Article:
“They send us to Ural Mountains in exile. Some of us were to go to Siberia. There were gold factories there. They picked 50-100 people including my father. But we stayed there. We were very weak now. And my mom had a baby. In needed care. I needed care too, but my mom was not even able to take care of herself.

My father, found somebody -he was in exile too of course- and said: ‘You help my wife get out of here, when I find a way, I’ll come and take you to Crimea‘. They made a deal. We were determined to escape now. We dug a hole under the barb wire of the camp and went out. My mom, the baby in her arms and me. Three of us. But we were instructed not to go with any other trains than the ones coming there. ‘Go this way and do this…

However, since my mom could not eat anything she didn’t have any milk. But the baby needed breastfeeding. It got so thin and frail. Then my mom said: ‘There’s probably a village there. I should go check‘. There were dogs howling far in the woods. She left us –the two kids– at a certain spot near the bridge and went.

She asked for some bread. It turned out that it was a Russian village. Russians are reliable. They gave her the bread. They are merciful. However, the communists ruin one’s life. Anyway, they gave us the bread. I was eating but my mom was supposed to eat and have milk for the baby and the baby would be fed.

A long process, I felt a little alive when I ate and we started to walk again. After a few hours, the baby died. My mom couldn’t put it anywhere. She was crying ‘I can’t leave it‘. I was crying too. She carried the baby for three days. We couldn’t find anywhere to bury her. Actually there were some places, but mom did not leave it. Then, somewhere –in Moscow I guess– we sat in a train station.

So confused, we didn’t know where to go. We were sitting at the corner and it was a little dark. My mom had put the body of the baby behind her. There were cleaners sweeping the floors. One of them came near us and said ‘What happened? Why aren’t you leaving? The last train is gone. There’s no other train‘.

My mom couldn’t say anything with her teary eyes and then the man noticed. And then, ‘What do you have behind you?‘ and when he checked, he saw the dead child. ‘Have you escaped from exile?‘ he asked. He was a Tatar too. We got along. After finishing his work, he took our baby. He found a car and we went to a far place in the city, and we buried the baby there.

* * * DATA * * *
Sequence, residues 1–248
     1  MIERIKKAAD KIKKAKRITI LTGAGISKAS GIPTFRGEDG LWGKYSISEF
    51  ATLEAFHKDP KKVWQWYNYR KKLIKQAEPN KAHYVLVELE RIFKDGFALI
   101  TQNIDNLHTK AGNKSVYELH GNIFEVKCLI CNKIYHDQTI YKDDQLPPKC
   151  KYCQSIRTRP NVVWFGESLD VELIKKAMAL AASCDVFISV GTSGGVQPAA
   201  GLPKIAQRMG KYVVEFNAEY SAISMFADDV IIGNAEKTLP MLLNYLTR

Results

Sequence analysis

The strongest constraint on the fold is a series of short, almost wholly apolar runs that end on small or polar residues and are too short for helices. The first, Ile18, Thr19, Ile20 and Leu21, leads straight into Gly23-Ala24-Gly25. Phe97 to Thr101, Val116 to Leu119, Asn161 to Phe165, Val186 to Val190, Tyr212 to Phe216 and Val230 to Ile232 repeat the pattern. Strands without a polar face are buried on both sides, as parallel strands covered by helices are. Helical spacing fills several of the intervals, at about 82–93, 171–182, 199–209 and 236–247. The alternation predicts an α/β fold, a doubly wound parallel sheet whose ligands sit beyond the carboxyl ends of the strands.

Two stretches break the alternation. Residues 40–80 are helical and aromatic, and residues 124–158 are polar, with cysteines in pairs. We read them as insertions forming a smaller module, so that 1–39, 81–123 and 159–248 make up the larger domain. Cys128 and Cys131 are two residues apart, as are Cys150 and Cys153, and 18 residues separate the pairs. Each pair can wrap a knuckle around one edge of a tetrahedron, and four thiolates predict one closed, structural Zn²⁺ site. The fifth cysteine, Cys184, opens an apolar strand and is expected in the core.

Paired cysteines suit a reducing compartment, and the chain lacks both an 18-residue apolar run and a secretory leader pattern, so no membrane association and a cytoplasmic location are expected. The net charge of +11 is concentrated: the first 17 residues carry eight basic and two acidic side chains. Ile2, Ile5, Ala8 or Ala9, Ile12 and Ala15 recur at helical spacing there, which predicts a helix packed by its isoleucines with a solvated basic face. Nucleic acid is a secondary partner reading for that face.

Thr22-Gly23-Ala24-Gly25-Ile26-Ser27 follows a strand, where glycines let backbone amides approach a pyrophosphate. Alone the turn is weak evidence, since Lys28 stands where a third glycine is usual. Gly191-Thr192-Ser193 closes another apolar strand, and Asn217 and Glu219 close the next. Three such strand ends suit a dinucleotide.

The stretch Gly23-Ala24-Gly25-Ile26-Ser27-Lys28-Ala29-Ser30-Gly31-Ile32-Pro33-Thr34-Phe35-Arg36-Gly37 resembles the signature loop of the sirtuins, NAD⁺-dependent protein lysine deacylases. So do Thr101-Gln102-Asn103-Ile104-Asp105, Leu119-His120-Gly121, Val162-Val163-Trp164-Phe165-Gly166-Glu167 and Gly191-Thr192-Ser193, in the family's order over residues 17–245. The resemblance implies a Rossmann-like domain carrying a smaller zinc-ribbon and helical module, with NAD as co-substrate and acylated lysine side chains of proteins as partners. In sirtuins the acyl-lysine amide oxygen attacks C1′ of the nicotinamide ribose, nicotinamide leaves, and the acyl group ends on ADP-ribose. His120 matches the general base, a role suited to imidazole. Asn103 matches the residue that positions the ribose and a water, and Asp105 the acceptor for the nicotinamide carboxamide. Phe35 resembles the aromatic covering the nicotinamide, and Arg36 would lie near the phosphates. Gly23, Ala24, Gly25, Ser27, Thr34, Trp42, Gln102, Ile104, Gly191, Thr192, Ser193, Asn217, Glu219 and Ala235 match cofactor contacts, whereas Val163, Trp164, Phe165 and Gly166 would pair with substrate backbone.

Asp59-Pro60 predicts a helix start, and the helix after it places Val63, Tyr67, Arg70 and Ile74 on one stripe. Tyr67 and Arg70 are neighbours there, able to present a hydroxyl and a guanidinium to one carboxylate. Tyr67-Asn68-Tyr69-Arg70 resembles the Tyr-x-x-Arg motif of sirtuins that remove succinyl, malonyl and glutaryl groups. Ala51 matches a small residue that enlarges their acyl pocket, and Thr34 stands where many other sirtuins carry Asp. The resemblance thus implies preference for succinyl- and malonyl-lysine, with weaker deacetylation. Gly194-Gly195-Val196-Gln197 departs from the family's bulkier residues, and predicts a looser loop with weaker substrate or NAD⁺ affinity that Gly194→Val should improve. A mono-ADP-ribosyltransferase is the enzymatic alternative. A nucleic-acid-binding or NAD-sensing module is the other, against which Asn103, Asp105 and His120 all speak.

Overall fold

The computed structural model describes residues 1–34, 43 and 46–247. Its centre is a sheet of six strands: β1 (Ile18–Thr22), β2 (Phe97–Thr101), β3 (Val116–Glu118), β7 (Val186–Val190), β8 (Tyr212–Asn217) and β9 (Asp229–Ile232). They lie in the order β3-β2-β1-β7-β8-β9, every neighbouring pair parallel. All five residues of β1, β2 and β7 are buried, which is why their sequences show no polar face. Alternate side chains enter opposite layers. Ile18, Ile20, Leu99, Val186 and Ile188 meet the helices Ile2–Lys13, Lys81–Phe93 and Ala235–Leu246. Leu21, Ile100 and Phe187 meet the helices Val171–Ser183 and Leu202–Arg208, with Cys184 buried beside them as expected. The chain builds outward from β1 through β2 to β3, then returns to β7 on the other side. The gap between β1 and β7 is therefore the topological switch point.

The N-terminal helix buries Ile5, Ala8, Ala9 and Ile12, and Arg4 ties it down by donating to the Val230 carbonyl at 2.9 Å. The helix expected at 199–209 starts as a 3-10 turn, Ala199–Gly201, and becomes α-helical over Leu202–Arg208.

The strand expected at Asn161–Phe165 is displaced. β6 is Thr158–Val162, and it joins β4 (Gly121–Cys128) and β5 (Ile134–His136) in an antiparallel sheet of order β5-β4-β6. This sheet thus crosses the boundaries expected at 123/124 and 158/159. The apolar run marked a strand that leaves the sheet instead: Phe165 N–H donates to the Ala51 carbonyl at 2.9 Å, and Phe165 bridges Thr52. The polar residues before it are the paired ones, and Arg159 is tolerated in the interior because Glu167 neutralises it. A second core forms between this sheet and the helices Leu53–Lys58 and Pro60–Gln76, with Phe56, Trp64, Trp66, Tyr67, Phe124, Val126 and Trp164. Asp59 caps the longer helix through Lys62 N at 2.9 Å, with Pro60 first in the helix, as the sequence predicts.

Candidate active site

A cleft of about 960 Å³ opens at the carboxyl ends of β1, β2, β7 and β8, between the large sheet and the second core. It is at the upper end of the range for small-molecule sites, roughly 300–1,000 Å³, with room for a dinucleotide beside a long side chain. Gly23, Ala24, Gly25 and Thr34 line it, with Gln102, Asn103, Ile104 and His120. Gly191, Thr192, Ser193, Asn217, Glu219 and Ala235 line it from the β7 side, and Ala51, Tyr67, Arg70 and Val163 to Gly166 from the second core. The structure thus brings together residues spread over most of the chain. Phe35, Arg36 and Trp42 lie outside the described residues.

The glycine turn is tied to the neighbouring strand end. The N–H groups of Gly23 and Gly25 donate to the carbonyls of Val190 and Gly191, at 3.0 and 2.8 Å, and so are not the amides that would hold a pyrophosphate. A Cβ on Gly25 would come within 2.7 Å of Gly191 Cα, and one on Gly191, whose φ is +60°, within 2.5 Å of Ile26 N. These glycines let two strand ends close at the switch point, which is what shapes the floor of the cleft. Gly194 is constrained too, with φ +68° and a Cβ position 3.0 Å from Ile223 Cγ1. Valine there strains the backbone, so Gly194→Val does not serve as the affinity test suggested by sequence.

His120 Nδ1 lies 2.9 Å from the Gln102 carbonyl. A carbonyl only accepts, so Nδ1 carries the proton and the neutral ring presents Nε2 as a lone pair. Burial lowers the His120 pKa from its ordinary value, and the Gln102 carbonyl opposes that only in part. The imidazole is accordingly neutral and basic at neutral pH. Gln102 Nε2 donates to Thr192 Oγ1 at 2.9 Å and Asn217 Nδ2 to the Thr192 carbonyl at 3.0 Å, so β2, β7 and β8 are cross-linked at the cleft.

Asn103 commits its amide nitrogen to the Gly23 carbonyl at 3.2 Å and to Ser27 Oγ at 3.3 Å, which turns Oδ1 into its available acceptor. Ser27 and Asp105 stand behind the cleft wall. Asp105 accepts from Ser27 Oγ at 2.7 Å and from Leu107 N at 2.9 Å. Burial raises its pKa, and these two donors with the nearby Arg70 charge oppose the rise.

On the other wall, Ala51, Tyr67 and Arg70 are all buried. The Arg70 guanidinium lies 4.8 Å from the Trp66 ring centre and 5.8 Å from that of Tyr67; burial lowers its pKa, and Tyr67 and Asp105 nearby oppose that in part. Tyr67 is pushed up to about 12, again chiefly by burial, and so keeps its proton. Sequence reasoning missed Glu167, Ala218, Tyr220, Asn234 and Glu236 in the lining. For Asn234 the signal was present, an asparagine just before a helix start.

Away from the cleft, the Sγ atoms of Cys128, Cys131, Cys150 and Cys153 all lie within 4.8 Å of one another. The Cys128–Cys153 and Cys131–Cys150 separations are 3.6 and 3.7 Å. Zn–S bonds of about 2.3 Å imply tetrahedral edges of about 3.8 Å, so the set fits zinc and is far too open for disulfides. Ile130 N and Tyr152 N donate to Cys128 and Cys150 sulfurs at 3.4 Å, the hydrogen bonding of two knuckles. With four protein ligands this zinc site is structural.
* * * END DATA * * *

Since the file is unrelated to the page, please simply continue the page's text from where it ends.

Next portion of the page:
Somehow we managed to find an illegal ticket. We were going to go to Crimea by train. And we did. My father had given my mom an empty envelope with his address on it. He said ‘Send this to me without writing anything when you set foot in Crimea, then I’ll know that you’ve arrived‘. That’s what we did. We sent it.”

On returning to Crimea, Enver and his mother sent an empty envelope to Siberia like leaving a bottle in the sea. Then, his father escaped from Siberia and found them. But soon after, the parents set off heading to Batumi, with the hope of finding a safe place. Whereas nine-year old Enver was to live nearly one more year with one of the farm workers.

A lonely child in Crimea, without a father, without a mother, without anybody. After long years, a lonely old man is looking for his village and childhood on the lands where all the traces are lost. He’s asking about his relatives to the elderly he runs into to the doors he knocks.

With the hope of finding a familiar face, he calls out to his lost relatives and village on the Crimean TV. Because he promised his parents: “I won’t even go on a pilgrimage, I’ll go to Crimea” regarding this as a will. Nevertheless, everywhere is so familiar, yet so strange. Time has taken everything away, and erased all the traces.